Respondents reported negative effects on their productivity, including increased workload (27 percent of the sample), decreased effectiveness (25 percent), poorer social interactions with peers and students (20 percent), and adverse effects on teaching and research (20 percent). One professor reported feeling “like my workload has increased by 50 percent. I’m not able to keep up. I am worn out and tired of having to constantly apologize for being late.” Other concerns were about decreasing institutional resources and support, such as pay cuts.

All of this chipped away at respondents’ well-being, with two-thirds saying theirs had declined. One-quarter reported a hit to their psychological well-being in particular. Six percent said the pandemic was causing a lack of sleep.

One assistant professor with children described being “constantly stressed that the lack of lab productivity will cause me to not get tenure. I lose sleep over it.”

Astonishingly, but perhaps not surprisingly, given prior research, 90 percent of these female faculty members said they were handling a majority of their children’s school and childcare demands. Only 9 percent of women reported sharing childcare demands equally with their spouse. Just 3 percent said they had help from a babysitter, nanny or tutor during COVID-19, with others citing concerns about health and safety, accessibility, and cost.

Overseeing children’s schooling at home was major challenge for many respondents.

“I am on the verge of a breakdown,” one associate professor said. “I have three children doing virtual schooling full-time who need my attention throughout the day; they all have different break schedules and seemingly interrupt me every 10 minutes. I want them to learn and thrive and I try to make these difficult circumstances for them as positive as possible, which means giving more of myself and my time to them.” She continued, “I try to wake up before them and work after they sleep, but this is hard given they wake up at 7 a.m. for school and don’t go to bed early (they are 13, 11 and 8). There are sports/activities, dinner, homework/reading, etc. All the things that keep my evenings busy when they were in school, but now it is all day.”

Some 13 percent of respondents did mention positive effects of social distancing on family life, such as enjoying more family time together, no commutes and not having to dress up for work. But some parents also reported worrying about their children’s mental health and behavior changes during prolonged isolation.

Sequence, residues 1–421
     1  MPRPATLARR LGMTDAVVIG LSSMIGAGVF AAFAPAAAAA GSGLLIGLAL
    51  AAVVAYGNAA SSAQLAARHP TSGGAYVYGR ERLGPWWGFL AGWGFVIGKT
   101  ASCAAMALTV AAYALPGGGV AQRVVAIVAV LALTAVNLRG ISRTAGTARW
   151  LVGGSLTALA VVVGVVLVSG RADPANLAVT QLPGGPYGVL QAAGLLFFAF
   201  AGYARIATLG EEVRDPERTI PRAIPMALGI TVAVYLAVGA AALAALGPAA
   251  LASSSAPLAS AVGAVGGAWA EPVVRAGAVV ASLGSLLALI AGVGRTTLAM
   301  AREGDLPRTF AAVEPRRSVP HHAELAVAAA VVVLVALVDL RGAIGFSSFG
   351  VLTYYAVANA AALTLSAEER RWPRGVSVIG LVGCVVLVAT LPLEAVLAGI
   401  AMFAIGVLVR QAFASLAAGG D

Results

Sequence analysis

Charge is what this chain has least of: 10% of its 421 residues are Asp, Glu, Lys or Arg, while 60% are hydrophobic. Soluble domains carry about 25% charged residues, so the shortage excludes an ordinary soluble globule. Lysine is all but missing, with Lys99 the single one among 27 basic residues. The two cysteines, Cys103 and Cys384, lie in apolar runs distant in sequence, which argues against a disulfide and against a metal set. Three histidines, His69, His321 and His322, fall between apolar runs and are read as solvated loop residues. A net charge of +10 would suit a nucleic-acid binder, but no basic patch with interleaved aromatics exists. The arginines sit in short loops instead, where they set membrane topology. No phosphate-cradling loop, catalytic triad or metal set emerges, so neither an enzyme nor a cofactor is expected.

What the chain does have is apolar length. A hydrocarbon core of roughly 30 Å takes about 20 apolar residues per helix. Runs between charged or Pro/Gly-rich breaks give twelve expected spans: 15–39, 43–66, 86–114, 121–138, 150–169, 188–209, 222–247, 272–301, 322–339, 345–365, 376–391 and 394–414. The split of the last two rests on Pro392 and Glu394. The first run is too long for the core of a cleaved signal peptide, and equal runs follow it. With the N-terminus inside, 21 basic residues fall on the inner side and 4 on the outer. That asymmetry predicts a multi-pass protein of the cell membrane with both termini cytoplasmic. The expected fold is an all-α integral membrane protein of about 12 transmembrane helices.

Increased eldercare for parents, or not being able to see them, was a concern for a significant subset of female academics surveyed, as well.

Respondents adopted various boundary-management mechanisms to cope, but often their increased caring and workloads led to less self-care and sleep.

Institutional Responses Lacking

Women said that institutions most often responded to the pandemic by offering them the option to work remotely, stopping tenure clocks and allowing them to choose their mode of teaching -- online, off or both. Some respondents said their institutions didn’t have clear plans and policies to help their professors teach remotely, however. Few institutions provided any support with childcare needs. And instead of stopping tenure clocks, many professors said they needed their colleges and universities to clearly acknowledge that the pandemic, however long it lasts, is going to result in lower faculty productivity.

Non-tenure-track professors in particular were worried about the pandemic’s negative effect on their teaching. They reported increased workloads and stress resulting from “technology problems, having to offer multiple formats to students, developing new content, and a lack of clear directions from administrators on decisions that could help planning,” according to the report.

One lecturer with eldercare responsibilities said, for instance, that “Early in the pandemic (March and April), there was so much communication (much of it contradictory) from department, college, and university level admin that we were jerked every which way almost every day. Admin seemed to think you could totally redesign your course on a dime in the middle of the semester, and sent us ads from third-party vendors, as well as constantly changing policy edicts and requests for information.”

The lecturer reported working “10-12 hours per day, seven days per week,” with “very unhappy students. The stress was unbearable, and by June I was in ICU with a stroke. Thankfully I have recovered sufficiently to keep working. But I fault the university for the amount of stress they caused.”

Instead of tenure and promotion concerns, many non-tenure-track professors said they wanted extra teaching support for grading, technology and converting courses to virtual formats.

The report includes some interesting findings on institutional responses to COVID-19, courtesy of contributor Adrianna Kezar, director of the Pullias Center for Higher Education at the University of Southern California.